by Tom Kaneshige

New App Store Rules Good News for iPhone Users

Oct 19, 2009
Consumer ElectronicsiPhoneSaaS

Apple has made it easier for developers to offer trial versions of iPhone apps -- free versions that users can upgrade later to the full version, without a trip back to the App Store. Here's why this "in-app purchasing" move benefits users and software developers.

Last week’s news that Apple will allow in-app purchasing for free App Store apps should help usher in the era of “micro SaaS” on mobile devices, says Gartner analyst Ken Dulaney. In-app purchasing for free apps basically means you can download a free app that has a limited amount of features with the option to pay to unlock the full range of features.

“People want to step into things, they want trials, they want to live in the environment for a while for free,” says Dulaney. “It’s Apple being smart again.”

Prior to Apple’s announcement, only paid apps could have in-app purchasing. This meant consumers would have to pay for an app just to see if they liked it. If they did, then they’d have to pay more to get more features.

In order to get past this hurdle, many developers offered a free “lite” version, which was really a marketing version, and a paid app version. This, however, presented other problems. For starters, developers needed to build and support two versions.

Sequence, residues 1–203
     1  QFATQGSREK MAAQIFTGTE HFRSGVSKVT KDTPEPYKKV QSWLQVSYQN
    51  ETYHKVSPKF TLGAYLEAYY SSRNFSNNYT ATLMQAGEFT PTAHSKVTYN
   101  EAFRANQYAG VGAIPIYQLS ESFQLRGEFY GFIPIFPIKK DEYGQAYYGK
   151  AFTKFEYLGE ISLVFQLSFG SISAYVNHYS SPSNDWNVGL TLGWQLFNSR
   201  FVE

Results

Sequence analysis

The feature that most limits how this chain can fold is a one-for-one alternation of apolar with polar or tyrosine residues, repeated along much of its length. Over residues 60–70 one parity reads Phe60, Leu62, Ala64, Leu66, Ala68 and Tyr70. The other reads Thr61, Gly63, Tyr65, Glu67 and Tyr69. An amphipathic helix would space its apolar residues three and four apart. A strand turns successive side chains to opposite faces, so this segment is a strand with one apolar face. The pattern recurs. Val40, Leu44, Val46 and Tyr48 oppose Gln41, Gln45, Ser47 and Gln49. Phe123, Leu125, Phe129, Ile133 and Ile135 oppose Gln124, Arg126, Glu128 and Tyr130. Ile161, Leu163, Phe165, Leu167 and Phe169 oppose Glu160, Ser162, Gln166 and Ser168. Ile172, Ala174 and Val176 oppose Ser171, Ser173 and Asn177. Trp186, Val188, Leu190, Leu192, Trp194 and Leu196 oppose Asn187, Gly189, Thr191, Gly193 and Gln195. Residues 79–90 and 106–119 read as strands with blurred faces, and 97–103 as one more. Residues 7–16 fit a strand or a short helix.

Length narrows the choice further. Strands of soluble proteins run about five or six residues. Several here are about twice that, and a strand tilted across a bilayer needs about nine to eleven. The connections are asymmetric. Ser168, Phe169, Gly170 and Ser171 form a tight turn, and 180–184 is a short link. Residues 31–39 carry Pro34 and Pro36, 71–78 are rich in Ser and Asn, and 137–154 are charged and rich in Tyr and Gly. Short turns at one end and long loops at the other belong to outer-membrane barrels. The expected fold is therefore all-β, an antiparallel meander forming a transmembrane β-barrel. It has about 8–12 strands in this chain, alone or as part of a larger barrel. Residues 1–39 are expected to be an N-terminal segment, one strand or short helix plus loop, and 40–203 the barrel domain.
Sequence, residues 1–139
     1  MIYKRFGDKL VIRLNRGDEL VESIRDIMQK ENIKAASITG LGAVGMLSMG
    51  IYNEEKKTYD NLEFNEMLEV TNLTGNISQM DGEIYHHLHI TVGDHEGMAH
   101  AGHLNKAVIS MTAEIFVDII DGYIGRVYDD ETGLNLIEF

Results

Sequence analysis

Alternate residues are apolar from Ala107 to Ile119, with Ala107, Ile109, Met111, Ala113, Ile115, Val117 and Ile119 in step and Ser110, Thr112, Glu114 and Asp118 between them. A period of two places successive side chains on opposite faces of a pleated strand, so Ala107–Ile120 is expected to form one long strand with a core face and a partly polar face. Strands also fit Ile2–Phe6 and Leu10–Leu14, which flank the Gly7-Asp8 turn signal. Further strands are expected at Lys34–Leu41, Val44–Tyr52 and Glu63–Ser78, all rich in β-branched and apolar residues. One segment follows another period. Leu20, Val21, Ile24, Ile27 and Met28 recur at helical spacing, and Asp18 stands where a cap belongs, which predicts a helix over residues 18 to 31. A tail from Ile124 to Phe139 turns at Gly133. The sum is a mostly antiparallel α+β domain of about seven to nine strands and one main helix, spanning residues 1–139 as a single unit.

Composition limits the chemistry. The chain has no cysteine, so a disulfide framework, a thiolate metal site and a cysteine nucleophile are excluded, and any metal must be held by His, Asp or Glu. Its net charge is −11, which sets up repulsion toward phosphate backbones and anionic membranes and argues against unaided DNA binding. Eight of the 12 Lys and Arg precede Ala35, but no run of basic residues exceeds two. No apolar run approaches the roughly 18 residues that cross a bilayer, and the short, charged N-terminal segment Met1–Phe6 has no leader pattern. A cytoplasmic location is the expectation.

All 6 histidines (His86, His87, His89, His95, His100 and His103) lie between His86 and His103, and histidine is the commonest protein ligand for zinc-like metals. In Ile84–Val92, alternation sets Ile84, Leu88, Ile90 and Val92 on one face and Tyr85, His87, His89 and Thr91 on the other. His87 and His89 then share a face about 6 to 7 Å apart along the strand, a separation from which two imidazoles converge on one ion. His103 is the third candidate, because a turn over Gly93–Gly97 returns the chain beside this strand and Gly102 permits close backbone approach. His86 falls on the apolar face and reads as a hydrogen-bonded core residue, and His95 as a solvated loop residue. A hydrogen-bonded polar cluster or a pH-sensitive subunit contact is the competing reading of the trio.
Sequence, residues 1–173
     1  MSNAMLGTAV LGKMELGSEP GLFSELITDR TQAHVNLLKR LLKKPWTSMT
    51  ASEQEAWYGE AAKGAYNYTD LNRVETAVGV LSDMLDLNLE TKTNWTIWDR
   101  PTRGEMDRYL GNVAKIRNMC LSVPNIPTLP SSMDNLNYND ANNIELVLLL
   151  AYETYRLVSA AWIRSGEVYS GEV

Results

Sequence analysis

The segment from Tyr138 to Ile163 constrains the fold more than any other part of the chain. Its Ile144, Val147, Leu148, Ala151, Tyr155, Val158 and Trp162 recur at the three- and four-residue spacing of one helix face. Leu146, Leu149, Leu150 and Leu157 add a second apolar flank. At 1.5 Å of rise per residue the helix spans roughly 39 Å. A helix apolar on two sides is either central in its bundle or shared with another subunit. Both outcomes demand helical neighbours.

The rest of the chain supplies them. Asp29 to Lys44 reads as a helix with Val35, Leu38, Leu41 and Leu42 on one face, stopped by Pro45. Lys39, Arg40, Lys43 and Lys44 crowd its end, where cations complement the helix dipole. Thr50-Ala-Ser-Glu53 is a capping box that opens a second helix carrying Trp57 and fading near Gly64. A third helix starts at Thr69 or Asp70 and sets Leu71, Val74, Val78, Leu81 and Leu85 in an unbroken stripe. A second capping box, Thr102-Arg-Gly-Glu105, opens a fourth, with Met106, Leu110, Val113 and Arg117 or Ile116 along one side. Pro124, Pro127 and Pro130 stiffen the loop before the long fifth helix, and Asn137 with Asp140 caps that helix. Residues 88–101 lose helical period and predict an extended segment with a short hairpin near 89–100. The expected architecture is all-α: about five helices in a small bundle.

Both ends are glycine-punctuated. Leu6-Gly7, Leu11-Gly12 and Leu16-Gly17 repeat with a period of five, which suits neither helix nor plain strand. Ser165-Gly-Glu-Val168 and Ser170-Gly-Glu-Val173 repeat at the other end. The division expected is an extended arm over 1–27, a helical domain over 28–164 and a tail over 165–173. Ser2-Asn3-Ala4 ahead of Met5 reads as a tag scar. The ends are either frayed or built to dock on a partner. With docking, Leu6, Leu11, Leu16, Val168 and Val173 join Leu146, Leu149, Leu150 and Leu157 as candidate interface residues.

Even worse, the consumer experience was rather messy: download a “lite” version, test it out, decide if you want the full-featured app, download the paid app, delete the “lite” version, and lose any settings or accomplishments in that “lite” app.

With Apple’s announcement of in-app purchasing for free apps, the day of the “lite” app is over—and the era of micro SaaS is ramping up. Micro SaaS, or software as a service, refers to the ability to sell a service in a recurring revenue form.

Earlier this year, micro SaaS for the iPhone got its start with the iPhone 3.0 update that let SaaS providers charge for services over the iPhone. And micro SaaS gained some traction in the App Store. It’s big hurdle was, again, the fact that many consumers didn’t want to pay even $.99 to test out a service only to have to pay more to open up the full-featured app.

Now, though, consumers will soon be able to download, say, an article of a magazine or a cool game for free and then decide whether or not to pay for the full magazine or more game levels with a simple tap on the iPhone. Also, there might be an option to subscribe to the magazine or game developer and receive monthly downloads of magazine issues or games. That is, the app will have a built-in marketing engine—a free front-end—that can give micro SaaS a much-needed shot in the arm.

For app developers, micro SaaS is the big promise of the iPhone and App Store. “You’ve got to make more money than $.99,” Dulaney says. “Apple has provided for a recurring revenue stream, which is really where you’re going to make any serious money.”

The downside is that, at some point, there will be an accumulative negative effect on individual buyers who will be nickel and dimed by mass micro subscriptions, Dulaney warns.

Tom Kaneshige is a senior writer for Send him an email at Or follow him on Twitter @kaneshige. Follow everything from on Twitter @CIOonline.